Project context and objectives
The long-term objective of the WOODLIFE project is to provide coated and glued wood products with substantially improved durability for a more sustainable society. The project aims to develop new water-based clear coating systems for wood with improved ultraviolet (UV) absorbing properties, as well as develop new water-based thermoplastic wood adhesives with improved mechanical properties. The new coating and adhesive systems will be designed through molecular manufacturing of inorganic nanoparticles, nanoclays and composite organic-inorganic binders with predictable and controllable properties.
If the mechanical properties of water-based thermoplastic wood adhesives such as Polyvinyl acetate (PVAc) can be improved it would be possible to use the wood products based on these systems for a longer time, leading to a more sustainable society. It would also be possible to use PVAc adhesives instead of the more expensive Melamine urea formaldehyde / Phenol resorcinol formaldehyde (MUF/PRF) adhesives in some load-bearing applications. Engineered nanoparticles will be developed in the project and will be introduced into wood adhesives in order to improve the properties of wood-adhesive joints.
The nanoparticles and nanoclays that will be developed in the project will either be added directly to water-based systems or incorporated in hybrid binders in order to improve the dispersion of the nanoparticles and to improve storage stability.
The expected final results from the WOODLIFE project include
- a novel water-based clear coating to be used for wood applications with the following properties: UV-absorption 250-440 nm, high transparency, 2-5 times longer service-life of coated wood panels compared to the reference systems used today (estimated from accelerated weathering test);
- a novel water-based wood adhesive (PVAc) with the following properties: low cold creep of corresponding wood joints, temperature resistance of corresponding wood joints, low formaldehyde content.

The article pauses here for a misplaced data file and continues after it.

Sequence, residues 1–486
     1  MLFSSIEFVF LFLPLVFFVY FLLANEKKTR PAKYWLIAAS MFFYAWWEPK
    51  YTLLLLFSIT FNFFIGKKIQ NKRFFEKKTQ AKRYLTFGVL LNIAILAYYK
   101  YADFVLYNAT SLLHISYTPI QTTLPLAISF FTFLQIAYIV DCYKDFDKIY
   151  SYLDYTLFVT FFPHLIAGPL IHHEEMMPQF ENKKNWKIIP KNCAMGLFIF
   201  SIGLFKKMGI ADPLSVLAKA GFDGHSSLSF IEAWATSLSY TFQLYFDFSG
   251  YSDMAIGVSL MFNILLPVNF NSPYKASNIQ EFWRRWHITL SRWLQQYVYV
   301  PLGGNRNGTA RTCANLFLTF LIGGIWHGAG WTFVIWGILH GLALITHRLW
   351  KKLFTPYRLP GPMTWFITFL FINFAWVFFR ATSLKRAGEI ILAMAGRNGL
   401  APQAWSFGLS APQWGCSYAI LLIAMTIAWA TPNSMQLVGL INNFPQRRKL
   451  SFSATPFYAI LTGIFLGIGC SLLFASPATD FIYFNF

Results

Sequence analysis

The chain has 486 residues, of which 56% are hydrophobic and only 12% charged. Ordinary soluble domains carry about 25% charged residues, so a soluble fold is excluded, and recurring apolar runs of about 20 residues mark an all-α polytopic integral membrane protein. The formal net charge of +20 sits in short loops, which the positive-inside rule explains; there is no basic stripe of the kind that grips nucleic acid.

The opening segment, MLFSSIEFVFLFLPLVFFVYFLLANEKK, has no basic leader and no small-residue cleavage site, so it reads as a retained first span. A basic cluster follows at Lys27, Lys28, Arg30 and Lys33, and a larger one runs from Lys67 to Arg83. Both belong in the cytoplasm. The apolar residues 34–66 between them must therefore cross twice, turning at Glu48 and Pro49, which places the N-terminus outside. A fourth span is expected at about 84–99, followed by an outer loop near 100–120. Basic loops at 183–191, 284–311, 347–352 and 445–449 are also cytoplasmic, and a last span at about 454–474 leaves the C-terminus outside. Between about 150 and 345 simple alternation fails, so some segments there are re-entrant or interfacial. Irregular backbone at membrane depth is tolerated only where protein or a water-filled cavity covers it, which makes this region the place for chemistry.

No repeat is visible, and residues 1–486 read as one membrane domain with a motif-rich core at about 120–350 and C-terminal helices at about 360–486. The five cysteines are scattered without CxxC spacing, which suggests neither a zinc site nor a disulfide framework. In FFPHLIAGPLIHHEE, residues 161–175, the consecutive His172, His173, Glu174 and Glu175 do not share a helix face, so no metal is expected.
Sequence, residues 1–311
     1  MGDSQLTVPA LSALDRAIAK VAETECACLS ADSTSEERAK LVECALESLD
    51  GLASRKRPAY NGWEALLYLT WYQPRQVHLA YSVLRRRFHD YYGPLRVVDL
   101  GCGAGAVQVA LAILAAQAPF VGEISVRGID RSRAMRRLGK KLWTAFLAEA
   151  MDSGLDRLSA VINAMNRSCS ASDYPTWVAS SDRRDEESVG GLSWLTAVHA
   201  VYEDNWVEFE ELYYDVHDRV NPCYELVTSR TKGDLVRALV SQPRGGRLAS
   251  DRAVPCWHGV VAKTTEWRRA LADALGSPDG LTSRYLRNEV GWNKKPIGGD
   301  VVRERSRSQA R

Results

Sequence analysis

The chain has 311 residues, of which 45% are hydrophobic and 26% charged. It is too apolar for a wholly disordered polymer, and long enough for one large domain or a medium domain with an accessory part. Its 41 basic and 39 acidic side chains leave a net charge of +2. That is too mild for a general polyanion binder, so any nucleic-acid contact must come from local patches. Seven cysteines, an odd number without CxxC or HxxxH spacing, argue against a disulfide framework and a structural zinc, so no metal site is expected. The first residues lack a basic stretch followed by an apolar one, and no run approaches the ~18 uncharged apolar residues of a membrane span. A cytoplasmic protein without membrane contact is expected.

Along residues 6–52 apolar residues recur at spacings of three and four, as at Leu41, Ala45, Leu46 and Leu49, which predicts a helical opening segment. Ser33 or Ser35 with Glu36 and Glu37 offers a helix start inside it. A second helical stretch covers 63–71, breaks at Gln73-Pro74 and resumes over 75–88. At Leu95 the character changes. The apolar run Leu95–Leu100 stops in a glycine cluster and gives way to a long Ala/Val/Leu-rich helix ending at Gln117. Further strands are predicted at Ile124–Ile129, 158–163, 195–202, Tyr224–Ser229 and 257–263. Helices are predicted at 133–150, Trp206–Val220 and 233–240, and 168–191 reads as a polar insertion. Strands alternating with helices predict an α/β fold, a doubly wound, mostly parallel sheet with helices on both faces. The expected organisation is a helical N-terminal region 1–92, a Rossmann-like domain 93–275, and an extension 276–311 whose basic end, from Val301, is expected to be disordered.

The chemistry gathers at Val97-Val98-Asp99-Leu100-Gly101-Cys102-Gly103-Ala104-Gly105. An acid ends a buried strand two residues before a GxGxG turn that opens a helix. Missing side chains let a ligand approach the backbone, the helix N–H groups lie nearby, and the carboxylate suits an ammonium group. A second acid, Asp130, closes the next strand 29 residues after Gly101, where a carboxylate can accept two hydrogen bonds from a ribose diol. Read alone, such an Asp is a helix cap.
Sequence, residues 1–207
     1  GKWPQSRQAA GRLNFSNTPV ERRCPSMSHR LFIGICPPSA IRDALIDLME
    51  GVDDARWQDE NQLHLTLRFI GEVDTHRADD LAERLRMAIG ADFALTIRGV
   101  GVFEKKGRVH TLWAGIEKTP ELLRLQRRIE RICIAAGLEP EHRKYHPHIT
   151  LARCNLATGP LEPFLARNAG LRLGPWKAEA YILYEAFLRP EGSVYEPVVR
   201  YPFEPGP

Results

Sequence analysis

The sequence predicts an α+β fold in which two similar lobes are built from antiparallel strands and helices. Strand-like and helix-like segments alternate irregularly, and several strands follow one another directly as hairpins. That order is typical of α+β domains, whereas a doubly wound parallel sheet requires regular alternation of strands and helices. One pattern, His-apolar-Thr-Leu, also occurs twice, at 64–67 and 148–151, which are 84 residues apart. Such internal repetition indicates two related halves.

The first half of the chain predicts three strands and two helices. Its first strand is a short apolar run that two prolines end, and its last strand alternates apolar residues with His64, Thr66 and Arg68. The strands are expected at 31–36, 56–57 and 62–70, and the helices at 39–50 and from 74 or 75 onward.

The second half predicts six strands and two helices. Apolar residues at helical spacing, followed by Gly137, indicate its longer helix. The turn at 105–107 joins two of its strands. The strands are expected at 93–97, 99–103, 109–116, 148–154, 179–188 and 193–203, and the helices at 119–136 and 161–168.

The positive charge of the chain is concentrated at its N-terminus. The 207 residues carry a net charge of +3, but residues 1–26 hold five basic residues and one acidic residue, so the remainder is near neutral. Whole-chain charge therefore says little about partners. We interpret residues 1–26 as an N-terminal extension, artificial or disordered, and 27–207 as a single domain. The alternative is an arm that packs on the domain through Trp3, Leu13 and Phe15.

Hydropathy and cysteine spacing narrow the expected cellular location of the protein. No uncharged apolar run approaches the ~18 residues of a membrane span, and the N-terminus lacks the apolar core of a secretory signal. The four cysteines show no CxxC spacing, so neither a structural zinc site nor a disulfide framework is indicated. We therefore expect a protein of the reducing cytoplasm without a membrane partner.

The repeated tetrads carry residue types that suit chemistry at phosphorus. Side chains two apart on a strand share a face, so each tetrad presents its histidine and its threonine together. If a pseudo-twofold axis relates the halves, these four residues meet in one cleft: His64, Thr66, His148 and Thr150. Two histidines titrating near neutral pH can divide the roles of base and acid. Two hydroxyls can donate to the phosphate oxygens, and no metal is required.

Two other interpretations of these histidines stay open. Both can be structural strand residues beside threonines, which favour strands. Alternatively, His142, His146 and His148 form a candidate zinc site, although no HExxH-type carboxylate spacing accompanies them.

The new PVAc adhesives that will be developed in WOODLIFE with improved mechanical properties may compete with the traditional formaldehyde-based system for some wood applications.
The use of more durable wood adhesives will extend the service life of glued wood products and this will also contribute to a reduction of CO2 in the atmosphere. The wood working industry is a very important industrial sector for Europe and with the development of improved clear coatings and adhesives systems, a positive development of this sector is predicted.
The market for wood adhesives is estimated to be 4 million tonnes per year worldwide of which 600,000 tonnes are produced in Europe. If the creep and thermosensitivity of the PVAc adhesives are sufficiently reduced, it is expected that part of the more expensive MUF adhesives can be replaced by PVAc adhesives. It is also likely that an increased technology gap between Europe and the rest of the world will increase the amount of adhesives produced in Europe securing more jobs in Europe.
The use of adhesive chemicals only makes 3% of the worlds’ fastening market. There is an increasing demand from the construction and assembly industries for adhesives that can replace mechanical fixing industries. Thus, the potential for growth of the adhesive market at the expense of the traditional mechanical fixing technologies is enormous, but this growth can only be realised if adhesive technologies can be enhanced so that they achieve the necessary performance for replacing existing technologies. The new WOODLIFE adhesive systems can contribute to this development.